Chris Knipp Writing: Movies, Politics, Art


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THE RENDEZ-VOUS WITH FRENCH CINEMA: RANKINGS AND COMMENTS


LE PETIT LIEUTENANT ....................................GOOD GIRL

ZIM AND CO...................................................HEADING SOUTH

RUSSIAN DOLLS.............................................LA MOUSTACHE

NOT HERE TO BE LOVED...................................GREY SOULS

COLD SHOWERS..............................................HELL

YOU LOOK VERY HANDSOME.............................HOUSEWARMING

ORCHESTRA SEATS..........................................PALAIS ROYAL!

................................I SAW BEN BARKA KILLED............................


(Those are my rankings, from top rung to bottom. Two to a rung. )


The Rendez-Vous with French Cinema Today at Lincoln Center’s 2006 edition brings home a lot of differences between American filmmaking and the French kind. I’ve heard someone say that anyone in France who wants to make a movie can do so. The French are more willing and able to do fresh, original work. Though it’s not like money grows on trees in France, money pressures may be less without the Hollywood behemoth looming overhead or off in the distance. Original means whatever you will – classic, out of touch, or engagé. As has become a bit of a cliché now, the French lately have excelled at mixing up the genres, combining them and confusing them. An unclassifiable movie is the best sign possible of an independent, fresh film industry.

This is the best showcase we’ve got for new French films. But it’s not perfection. It’s gone a bit commercial. This is America. There’s money to be made here. In fact some French films made more money here last year than they made in France. Cahiers du Cinéma used to collaborate on the series back when it began eleven years ago. Now Unifrance and the French Film Office are involved, with more emphasis on finding US distributors than on selflessly showing the best French cinema of the past year that we haven’t seen – which would be, in part, a different list than the fifteen we saw. There are always remarkable films that haven’t been shown here, but most of the Rendez-Vous entries go back only six months; early 2005 was passed over.

This commercial bias may explain some niggling preview pieces by New York critics: Time Out New York’s title was “French Can-Can’t,” and the Village Voice’s was “Déjà Vu.” It’s true there were some negligible entries. But somebody knew what she was doing, because they were well received. At least Isabelle Mergault’s first film, You Are So Handsome/Je vous trouve très beau – not such a good film – got favorable audience reactions. French critics said it wasn’t even a film at all; but its sentimental wintry-heart-awakened story and its look at the plight of Eastern European women might fly with US audiences.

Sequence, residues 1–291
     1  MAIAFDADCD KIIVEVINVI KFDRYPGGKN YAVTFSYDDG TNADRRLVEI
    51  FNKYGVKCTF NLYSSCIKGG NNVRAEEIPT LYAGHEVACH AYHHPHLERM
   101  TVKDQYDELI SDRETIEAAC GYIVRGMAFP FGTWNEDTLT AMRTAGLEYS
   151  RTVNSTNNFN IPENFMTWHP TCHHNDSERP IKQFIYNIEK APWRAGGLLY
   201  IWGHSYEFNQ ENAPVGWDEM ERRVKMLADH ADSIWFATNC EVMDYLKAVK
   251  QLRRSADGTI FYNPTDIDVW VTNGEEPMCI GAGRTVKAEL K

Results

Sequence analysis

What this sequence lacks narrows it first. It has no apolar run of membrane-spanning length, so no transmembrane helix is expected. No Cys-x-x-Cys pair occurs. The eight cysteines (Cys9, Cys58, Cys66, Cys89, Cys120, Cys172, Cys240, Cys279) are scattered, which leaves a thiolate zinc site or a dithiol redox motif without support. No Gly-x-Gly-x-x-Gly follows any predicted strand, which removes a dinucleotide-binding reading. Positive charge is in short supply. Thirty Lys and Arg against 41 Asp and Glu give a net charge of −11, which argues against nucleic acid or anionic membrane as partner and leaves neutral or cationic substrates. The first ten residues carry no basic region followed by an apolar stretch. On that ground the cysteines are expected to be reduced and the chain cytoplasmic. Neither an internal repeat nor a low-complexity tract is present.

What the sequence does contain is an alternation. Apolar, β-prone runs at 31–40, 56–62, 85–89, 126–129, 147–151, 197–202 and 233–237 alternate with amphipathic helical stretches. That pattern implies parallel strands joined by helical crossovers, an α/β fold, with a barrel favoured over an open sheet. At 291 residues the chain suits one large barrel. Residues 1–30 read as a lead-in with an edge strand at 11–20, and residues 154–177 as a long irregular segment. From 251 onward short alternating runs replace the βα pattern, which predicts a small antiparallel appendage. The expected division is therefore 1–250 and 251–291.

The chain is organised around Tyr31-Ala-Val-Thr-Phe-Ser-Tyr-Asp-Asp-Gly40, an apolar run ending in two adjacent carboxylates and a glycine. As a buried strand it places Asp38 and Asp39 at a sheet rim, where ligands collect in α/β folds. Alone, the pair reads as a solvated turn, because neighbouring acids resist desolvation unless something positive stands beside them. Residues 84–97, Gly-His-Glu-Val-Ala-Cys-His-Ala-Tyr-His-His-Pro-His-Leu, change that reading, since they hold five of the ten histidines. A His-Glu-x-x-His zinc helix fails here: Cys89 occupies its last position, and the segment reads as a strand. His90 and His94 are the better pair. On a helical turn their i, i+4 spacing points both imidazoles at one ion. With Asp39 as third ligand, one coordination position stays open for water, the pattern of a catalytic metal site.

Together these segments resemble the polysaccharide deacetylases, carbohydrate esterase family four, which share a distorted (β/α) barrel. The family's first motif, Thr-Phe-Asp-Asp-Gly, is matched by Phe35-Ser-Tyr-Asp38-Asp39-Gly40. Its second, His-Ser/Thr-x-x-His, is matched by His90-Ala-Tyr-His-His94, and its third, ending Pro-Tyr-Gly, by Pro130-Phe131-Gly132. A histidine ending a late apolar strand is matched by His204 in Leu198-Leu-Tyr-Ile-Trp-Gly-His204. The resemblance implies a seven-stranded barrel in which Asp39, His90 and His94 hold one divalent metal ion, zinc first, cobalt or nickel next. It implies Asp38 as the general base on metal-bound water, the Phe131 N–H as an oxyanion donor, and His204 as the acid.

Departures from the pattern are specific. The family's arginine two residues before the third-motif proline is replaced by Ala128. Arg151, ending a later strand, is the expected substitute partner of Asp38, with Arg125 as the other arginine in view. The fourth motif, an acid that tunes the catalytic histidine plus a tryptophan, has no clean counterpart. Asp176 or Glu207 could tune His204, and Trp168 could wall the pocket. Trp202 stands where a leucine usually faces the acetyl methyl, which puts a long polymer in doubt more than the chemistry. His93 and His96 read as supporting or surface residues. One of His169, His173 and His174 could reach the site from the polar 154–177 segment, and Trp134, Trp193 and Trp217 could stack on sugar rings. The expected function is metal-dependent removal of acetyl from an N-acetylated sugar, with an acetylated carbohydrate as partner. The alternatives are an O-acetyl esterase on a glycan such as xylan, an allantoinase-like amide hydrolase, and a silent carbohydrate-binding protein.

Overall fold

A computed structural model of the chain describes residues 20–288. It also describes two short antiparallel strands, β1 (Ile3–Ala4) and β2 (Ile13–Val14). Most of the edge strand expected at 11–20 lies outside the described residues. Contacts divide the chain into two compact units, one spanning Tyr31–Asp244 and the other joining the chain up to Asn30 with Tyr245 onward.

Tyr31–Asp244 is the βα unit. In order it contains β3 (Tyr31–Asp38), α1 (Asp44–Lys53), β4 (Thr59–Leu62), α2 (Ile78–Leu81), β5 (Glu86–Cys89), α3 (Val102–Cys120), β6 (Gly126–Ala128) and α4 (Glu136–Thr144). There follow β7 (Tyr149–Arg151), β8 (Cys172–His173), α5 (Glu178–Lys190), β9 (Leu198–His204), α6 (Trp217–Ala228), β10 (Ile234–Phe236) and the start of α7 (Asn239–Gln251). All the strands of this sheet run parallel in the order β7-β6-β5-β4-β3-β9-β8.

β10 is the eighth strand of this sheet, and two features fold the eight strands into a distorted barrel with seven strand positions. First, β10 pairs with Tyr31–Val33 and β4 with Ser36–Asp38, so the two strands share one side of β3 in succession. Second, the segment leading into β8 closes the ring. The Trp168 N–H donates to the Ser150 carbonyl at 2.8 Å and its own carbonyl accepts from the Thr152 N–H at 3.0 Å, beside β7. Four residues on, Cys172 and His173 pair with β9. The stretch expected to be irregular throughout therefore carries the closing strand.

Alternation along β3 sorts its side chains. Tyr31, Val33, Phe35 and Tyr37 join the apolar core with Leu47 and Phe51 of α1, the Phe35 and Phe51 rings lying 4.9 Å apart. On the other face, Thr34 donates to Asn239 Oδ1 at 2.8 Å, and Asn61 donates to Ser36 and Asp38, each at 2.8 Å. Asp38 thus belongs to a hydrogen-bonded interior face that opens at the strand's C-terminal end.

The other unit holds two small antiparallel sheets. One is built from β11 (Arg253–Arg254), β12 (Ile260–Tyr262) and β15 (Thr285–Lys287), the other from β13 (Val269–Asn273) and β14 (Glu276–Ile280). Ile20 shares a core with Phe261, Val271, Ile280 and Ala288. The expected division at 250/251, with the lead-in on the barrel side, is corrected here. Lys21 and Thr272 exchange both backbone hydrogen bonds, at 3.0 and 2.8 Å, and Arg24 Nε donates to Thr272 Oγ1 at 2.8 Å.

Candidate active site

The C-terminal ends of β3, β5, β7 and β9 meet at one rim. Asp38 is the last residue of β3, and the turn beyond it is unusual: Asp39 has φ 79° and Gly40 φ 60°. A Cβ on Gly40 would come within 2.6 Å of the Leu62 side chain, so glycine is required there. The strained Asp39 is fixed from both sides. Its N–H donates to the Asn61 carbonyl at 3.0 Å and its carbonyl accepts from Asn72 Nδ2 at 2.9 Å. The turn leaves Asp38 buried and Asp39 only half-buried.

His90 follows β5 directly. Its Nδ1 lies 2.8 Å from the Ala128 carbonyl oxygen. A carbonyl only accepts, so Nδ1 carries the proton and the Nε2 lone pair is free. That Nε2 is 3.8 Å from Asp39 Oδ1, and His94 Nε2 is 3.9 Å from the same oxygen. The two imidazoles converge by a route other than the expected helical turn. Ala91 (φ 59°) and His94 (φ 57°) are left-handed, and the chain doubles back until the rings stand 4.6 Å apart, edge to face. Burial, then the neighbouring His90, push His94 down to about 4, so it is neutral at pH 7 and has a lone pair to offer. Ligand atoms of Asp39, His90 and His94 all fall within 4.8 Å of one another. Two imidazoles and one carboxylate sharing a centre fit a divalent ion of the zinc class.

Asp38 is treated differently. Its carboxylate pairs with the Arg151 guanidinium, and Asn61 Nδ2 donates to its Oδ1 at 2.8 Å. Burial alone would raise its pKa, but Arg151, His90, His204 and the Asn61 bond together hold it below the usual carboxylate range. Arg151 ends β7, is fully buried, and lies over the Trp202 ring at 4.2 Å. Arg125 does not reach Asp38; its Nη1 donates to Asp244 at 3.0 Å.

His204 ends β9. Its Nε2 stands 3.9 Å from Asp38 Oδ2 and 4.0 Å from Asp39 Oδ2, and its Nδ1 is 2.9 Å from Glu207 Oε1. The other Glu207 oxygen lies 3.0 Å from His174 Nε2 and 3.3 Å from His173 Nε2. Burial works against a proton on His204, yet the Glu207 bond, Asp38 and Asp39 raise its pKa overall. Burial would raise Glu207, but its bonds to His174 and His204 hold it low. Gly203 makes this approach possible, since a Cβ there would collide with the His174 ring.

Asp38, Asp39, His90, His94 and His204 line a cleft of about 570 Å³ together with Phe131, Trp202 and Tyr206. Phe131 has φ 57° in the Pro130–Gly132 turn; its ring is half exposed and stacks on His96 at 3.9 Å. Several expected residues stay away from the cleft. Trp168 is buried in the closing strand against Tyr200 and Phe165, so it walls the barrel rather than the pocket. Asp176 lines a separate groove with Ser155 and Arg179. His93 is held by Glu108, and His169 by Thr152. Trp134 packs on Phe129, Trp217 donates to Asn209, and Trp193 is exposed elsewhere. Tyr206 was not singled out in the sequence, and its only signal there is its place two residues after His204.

When you think about it there was a lot of social consciousness in the series, but most of it posed as frivolity, and some really was frivolous, and other films made deep sense. Brigitte Rouan’s Housewarming/Travaux...., which looked clever in the blurb but seemed inept, was a fuzzy-thinking effort at commitment to a social cause (hiring and protecting illegal workers), but Variety thinks its comic content will do well here.

Pierre Jolivet’s Zim and Co. ought to. Jolivet does well what Rouan does badly: he creates a drama of the dispossessed, but he’s working closer to home, talking about young people in the poor banlieux where he himself grew up, and using his own son Adrien as the star, who with his three best mates is struggling to make it. Zim and Co is adept both intellectually and cinematically, and it’s also a lot of fun while being very knowing and specific about things like green cards and driver’s licenses and Le Pen.

Laurent Cantet’s Heading South/Vers le sud, about white women taking black lovers in 70’s Haiti, clearly a film with both serious personal implications and socio-political ones, has a distributor. (It doesn’t hurt that it has a sexually shocking theme and the charismatic Charlotte Rampling.) But it’s good that it was included because it won critical acclaim by being shown here and added luster to the series.

I already admired Cantet and am glad that now he seems to have become news, but I hadn’t heard of the directors of my greatest favorites. Xavier Beauvois (whose terrific cop flick blew me away) is young but already has been making movies. There’s nothing in Le Petit Lieutenant that you might not find on American TV: an alcoholic woman Inspector returning to work, a rookie officer joining her big city crime unit – except the big city is Paris. Beauvois works magic with this material because he treats it with such respect, and Nathalie Baye and Jalil Lespert and the other actors are so fine.